Ellen F. Davis
James D. G. Dunn
Susan G. Eastman
Bruce N. Fisk
Beverly Roberts Gaventa
Joel B. Green
A. Katherine Grieb
Christoper B. Hays
Judith C. Hays
Luke Timothy Johnson
Leander E. Keck
R. W. L. Moberly
David P. Moessner
C. Kavin Rowe
E. P. Sanders
D. Moody Smith
David C. Steinmetz
Marianne Meye Thompson
J. Ross Wagner
N. T. Wright
I am happy to see 5 Durhamites on this list (Dunn, Barclay, Wright, Moberly, Watson). On a personal note, let me say that I got a brief chance to chat with Richard at our Duke-Durham symposium and he is a nice person with a sharp mind. His work on Paul and intertextuality has been massively influential for my own thinking and I heard that he is now moving into the study of intertextuality in the Gospels. Happy Birthday Richard.
They have a recent festschrift in honor of them – in the same book! The title of the book is Israel’s God and Rebecca’s Children: Christology and COmmunity in Early Judaism and Christianity. They co-founded a scholarly club that relates to christology (which made it into SBL/AAR). What is amazing is the number of scholars of high caliber who wanted to participate in this FS.
Here is a sampling of some of the essay titles I found interesting (I am reviewing this book; more on the actual content will be blogged later):
‘How we Talk about Christology Matters’ – A.D. DeConick
‘Mandatory Retirement: Ideas in the Study of Christian Origins Whose Time Has Come to God’ – P. Fredriksen
‘The “Most High” God and the Nature of Early Jewish Monotheism’ – Bauckham
‘”How on Earth Did Jesus Become a God?”: A Reply’ – A.Y. Collins
‘Resurrection and Christology: Are They Related?’ – Pheme Perkins
‘Pauline Exegesis and the Incarnate Christ’ – D.B. Capes
‘When Did the Understanding of Jesus’ Death as an Atoning Sacrifice First Emerge?’ – J.D.G. Dunn
‘Discarding the Seamless Robe: The High Priesthood of Jesus in John’s Gospel’ – H.K. Bond
‘Remembering and Revelation: The Historic and Glorified Jesus in the Gospel of John’ – Hurtado
‘Jesus: “The One Who Sees God”‘ – M.M. Thompson
‘Paul’s Religious Experience in the Eyes of Jewish Scholars’ – A.F. Segal
Wow! What a collection!
I have met Larry personally and he is a nice guy. He told me that he was on a committee that approved John Barclay’s move to Durham as Lightfoot Prof of Divinity – thanks Larry for bringing one of my supervisors to Durham!
For those of you like me who are working on a doctorate, you probably dreamed in seminary/undergrad what it would be like to be at a top-notch institution and eavesdrop on great conversations and soak in every bit of wisdom and knowledge that drips from the glory of today’s best scholars (OK, now it is quite obvious I had no life in seminary…). Well, my dream was colored by New Testament studies and especially the Apostle Paul. Yesterday I got a chance to see one of those dreams played out in real life (Ben Blackwell can also share on his blog the surrealism of this experience).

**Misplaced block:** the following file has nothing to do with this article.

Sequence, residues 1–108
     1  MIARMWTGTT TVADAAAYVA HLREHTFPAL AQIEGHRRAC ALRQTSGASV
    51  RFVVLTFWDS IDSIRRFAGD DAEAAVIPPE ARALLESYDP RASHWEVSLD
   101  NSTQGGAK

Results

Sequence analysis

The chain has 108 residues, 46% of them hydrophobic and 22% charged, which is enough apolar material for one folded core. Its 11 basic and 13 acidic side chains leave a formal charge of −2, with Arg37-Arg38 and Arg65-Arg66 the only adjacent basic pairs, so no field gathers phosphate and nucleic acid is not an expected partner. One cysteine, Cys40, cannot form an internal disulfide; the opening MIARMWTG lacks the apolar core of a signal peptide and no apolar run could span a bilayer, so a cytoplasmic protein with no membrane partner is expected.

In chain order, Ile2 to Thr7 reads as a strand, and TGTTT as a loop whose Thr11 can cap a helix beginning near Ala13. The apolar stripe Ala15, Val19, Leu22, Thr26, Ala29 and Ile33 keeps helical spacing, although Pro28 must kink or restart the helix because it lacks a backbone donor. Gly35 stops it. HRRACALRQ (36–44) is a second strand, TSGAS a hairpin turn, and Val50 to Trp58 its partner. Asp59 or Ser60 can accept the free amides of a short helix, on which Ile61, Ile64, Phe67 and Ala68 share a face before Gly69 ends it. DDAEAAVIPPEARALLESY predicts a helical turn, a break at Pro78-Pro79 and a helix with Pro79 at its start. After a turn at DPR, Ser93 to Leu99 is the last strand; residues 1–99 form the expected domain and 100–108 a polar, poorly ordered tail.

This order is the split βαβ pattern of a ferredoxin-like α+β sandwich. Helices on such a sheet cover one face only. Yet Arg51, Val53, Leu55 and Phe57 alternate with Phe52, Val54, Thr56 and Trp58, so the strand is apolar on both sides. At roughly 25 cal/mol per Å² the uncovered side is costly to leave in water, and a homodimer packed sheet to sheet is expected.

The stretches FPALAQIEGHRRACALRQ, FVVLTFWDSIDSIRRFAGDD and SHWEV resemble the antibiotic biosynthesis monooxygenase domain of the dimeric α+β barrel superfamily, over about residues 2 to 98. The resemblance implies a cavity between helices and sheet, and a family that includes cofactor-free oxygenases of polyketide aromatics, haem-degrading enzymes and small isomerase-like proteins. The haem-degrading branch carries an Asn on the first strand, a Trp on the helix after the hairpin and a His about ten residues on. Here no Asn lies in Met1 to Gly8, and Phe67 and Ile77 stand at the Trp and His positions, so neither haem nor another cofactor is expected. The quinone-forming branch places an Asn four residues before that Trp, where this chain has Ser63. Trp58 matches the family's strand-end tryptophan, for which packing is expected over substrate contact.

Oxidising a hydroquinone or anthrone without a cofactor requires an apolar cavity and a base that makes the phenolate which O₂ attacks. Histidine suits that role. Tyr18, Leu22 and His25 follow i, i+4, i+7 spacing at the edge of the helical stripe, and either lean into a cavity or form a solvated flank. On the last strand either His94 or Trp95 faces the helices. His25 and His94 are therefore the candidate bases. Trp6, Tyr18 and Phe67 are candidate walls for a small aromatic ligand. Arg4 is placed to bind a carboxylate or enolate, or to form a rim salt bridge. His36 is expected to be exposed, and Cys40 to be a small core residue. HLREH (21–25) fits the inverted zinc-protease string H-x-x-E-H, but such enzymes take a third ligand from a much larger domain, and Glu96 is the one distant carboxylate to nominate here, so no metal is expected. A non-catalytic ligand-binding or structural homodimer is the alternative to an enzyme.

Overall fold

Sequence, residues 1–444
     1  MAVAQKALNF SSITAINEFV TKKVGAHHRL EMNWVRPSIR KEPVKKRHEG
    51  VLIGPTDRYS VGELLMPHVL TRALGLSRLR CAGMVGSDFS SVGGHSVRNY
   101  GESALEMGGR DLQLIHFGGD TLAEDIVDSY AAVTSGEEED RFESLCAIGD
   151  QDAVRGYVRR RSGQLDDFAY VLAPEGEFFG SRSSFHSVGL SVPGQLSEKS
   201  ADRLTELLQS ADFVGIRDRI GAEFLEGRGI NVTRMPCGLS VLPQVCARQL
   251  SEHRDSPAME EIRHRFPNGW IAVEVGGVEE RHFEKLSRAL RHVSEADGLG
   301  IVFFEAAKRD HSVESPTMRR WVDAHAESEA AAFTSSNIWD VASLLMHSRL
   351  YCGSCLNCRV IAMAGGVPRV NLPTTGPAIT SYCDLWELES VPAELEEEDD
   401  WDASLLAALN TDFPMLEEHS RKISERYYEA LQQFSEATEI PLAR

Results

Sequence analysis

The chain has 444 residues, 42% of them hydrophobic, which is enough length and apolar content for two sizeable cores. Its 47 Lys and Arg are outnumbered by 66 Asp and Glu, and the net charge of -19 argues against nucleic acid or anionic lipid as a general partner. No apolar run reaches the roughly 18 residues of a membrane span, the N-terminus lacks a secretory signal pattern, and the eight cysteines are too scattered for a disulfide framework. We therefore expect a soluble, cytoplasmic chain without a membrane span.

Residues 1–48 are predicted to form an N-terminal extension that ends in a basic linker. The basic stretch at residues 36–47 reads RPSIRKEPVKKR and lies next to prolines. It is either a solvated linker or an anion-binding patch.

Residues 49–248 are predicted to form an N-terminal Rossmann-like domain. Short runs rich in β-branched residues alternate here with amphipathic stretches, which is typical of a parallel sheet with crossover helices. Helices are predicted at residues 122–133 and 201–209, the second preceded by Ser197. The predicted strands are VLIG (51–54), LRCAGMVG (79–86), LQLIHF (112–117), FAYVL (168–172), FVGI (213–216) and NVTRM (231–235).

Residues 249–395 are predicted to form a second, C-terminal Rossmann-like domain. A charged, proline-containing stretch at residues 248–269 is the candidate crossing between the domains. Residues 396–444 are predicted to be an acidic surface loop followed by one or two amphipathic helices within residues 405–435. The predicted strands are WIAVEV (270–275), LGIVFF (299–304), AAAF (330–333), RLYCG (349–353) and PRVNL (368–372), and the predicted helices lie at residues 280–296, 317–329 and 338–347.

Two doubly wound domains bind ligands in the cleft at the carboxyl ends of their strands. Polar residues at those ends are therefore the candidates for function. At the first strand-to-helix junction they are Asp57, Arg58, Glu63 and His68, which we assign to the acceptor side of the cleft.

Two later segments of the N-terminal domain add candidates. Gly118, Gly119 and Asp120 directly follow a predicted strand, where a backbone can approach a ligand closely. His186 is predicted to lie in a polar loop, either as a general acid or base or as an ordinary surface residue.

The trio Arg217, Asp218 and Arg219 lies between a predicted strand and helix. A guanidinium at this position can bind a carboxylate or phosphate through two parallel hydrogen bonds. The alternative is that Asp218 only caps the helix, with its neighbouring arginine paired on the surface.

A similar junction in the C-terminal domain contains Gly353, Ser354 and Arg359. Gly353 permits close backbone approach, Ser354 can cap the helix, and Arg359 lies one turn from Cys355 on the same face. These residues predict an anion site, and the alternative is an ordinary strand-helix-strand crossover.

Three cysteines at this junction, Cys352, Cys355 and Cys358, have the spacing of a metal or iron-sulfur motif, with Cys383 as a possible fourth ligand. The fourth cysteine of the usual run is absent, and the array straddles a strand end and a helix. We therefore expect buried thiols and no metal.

If you wanted to concoct an academic recipe for a really riveting discussion on the state of the ‘New Perspective on Paul’, what ingredients might you want? You certainly must have Jimmy Dunn. But, it can’t all be pro-NPP, so how about an ex-NPP – Francis Watson, perhaps. What about a historian’s view – John Barclay? That is too lop-sided. Dunn needs an advocate. N T Wright? What about Richard Hays (who must bring up ‘pistis christou’). Well, we had all these and more at our first Durham (UK)-Duke symposium (on the theme of identity). Francis Watson gave a paper claiming that we can only carry forward a few small insights from the NPP and we must now go ‘beyond the New Perspective’. He criticized every area of the NPP.
He found the rather exclusive focus on ethnocentric imperialism in Dunn’s evaluation of Paul’s critique of Judaism to be too narrowly focused on sociology and not enough on Christology (this coming from a Watson who’s published monograph on this topic was originally subtitled ‘a sociological approach!). Watson also contests the NPP idea that Paul would have understood Judaism to be a religion with grace as the primary element and nomism as secondary and/or subsequent (is this something that Watson and Gathercole have in common…strange…). Watson draws attention to the idea that an essential difference between the pre-Christ Jewish pattern of religion and Paul’s expression of CHristianity has much to do the engagement between divine and human agency.
There is much more to say, but you can read it in Watson’s revision of his monograph on this topic (Eerdmans) and I recommend you do. Watson is provocative, but very engaging. Frankly, neither Dunn nor Wright had much to say in rebuttal. It truly seems that we are at the dawn of a new age of interpreting Paul and we seem to be progressing ‘beyond’ the NPP, but not forgetting some of the key contributions Dunn et al have made.
Biblical scholars love to read commentaries. That is just true. We love to buy the one’s by our favorite authors. We like to have them lining our shelves. We pride ourselves in getting them cheap when we can.
But…sometimes we get bored of commentaries. Nothing new under the sun kinda thing. Same old issues rehashed. Same format and style. Same conclusions.
Well, be prepared for a breath of fresh air with Joel Green’s work on 1 Peter. It is a whole different kind of commentary. In the first place, it is not aiming at in-depth exegesis. I will send you to Elliott and Achtemeier for that. No, this is about theological reflection, and Green is the perfect man for the job (though I am looking forward to Scott Hafemann’s contribution).